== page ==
4. Lt. Col. Paul Ironhorse (Richard Chaves) is a military man. Chaves played Poncho in the 1987 film Predator.
Other Cool Things About The Show
Violence can be cool, right? Well, “War of the Worlds” has plenty of that. In fact, some of the violence and gore effects were edgy for their time. In one of the freakier moments, we see the aftermath of aliens stealing human brains to use in medical treatment. Other scenes include aliens gouging out eyes or, of course, people just getting shot.
In some ways, this show was like “The Walking Dead” of its day, only these enemies could talk and take human form seamlessly (that is until their health begins to deteriorate in a newly appropriated body). The aliens are actually pretty cool, too, alternating between being silly and being scary. In addition to their cool, laser-blasting spaceships, they use some weird gimmicks. For example, at one point they implant subliminal messages in music to brainwash the human race. Those aliens sure like to f*** s*** up!
There are interesting additional characters, too, including Sylvia Van Buren (Ann Robinson). She’s the psychic, adoptive mother of Harrison Blackwood after the 1953 invasion. Though they’ve placed her in a mental hospital, Van Buren’s psychic powers occasionally are an asset to Blackwood and his alien-fighting team. There’s also an alien-human hybrid named Quinn (John Colicos), While Quinn wants to conquer the humans, too, he’s faced with a unique moral dilemma due to his very nature. Toward the end of season one, the story is pushed to the absolute breaking point of believability, but in a fun way. We meet Q’tara (Elaine Giftos), A warrior princess-like a female android from the planet Q’arto. At first, it seems she’s a human ally…but is she?
Best War of the Worlds Season 1 Quotes
1. “Oh, yes, dear. Quite mad! And so would you be if you lived in a world all topsy turvy. I told them the aliens would be back and they didn’t believe me. They said I was insane. So they hooked electrodes up to my brain ’til I couldn’t even remember my name. Bzz, bzz, bzz! Rain in Spain stays mainly in the plain. This is not Spain, Harry.”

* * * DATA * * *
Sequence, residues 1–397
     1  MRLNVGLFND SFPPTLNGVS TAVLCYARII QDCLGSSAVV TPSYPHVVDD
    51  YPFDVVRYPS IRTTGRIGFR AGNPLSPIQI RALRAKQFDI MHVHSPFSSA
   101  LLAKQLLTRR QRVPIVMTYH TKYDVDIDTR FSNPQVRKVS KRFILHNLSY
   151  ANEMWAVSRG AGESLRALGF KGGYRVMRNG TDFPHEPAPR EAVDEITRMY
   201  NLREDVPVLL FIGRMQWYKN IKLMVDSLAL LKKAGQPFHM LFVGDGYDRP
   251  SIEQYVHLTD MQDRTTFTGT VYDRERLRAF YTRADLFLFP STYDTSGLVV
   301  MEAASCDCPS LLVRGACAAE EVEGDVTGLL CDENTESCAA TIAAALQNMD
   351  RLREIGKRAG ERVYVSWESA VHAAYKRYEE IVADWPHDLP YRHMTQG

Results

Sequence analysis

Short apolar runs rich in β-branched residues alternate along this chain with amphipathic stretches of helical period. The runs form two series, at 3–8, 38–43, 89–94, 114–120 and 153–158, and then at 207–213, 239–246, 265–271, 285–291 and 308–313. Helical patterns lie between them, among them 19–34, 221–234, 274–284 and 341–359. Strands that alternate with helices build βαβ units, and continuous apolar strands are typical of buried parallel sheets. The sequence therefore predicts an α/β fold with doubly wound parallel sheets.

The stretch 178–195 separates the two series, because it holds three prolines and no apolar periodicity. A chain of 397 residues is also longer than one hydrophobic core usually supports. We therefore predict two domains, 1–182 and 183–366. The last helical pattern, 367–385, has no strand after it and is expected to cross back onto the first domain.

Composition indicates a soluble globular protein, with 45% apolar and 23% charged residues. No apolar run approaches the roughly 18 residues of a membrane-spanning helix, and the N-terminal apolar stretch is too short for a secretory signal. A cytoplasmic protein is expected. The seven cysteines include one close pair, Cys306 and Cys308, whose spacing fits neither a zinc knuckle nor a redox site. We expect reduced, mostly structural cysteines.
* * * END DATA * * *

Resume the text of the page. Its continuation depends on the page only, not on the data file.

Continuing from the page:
— Sylvia Van Buren, from the episode “Thy Kingdom Come.”
2. Harrison: Can you enhance this image digitally?
Norton: Does a computer download in the woods?
— From “A Multitude of Idols”
3. Pat Thistle (Carole Galloway): It looked like a cross between a giant green frog…and a huge slimy walnut.
— From “He Feedeth Among the Lilies”
4. Quinn: I have nothing really against humans; some of my best friends are humans. But as a group, they stink and you know it. I say kill them all.
— From “The Prodigal Son”
5. Suzanne [intelligently explaining the alien body]: “Structurally, they’re more like jellyfish than mammals. By examining DNA molecules, it appears that the aliens possess humans using a cell-phase matching technique…. Physiologically, the aliens have a liquid core which carries neurological information as well as arterial matter. Their stable, upright carriage is supported by a web-like musculature structure.”
— From “The Last Supper”
The War Isn’t Over!
There have been other versions of the classic story, too. This includes Steven Spielberg’s 2005 version, starring Tom Cruise and Dakota Fanning. The latest versions include the BBC’s “The War of the Worlds” mini-series and the Fox/Canal+ adaptation, both from 2019. There’s supposed to be a season 2 of the Fox/Canal+ version, and season 1 will premiere in America on February 16, 2020, on Epix. Why won’t these aliens just leave us alone? Jeez!
What are your thoughts on “War of the Worlds”? Let us know in the comments!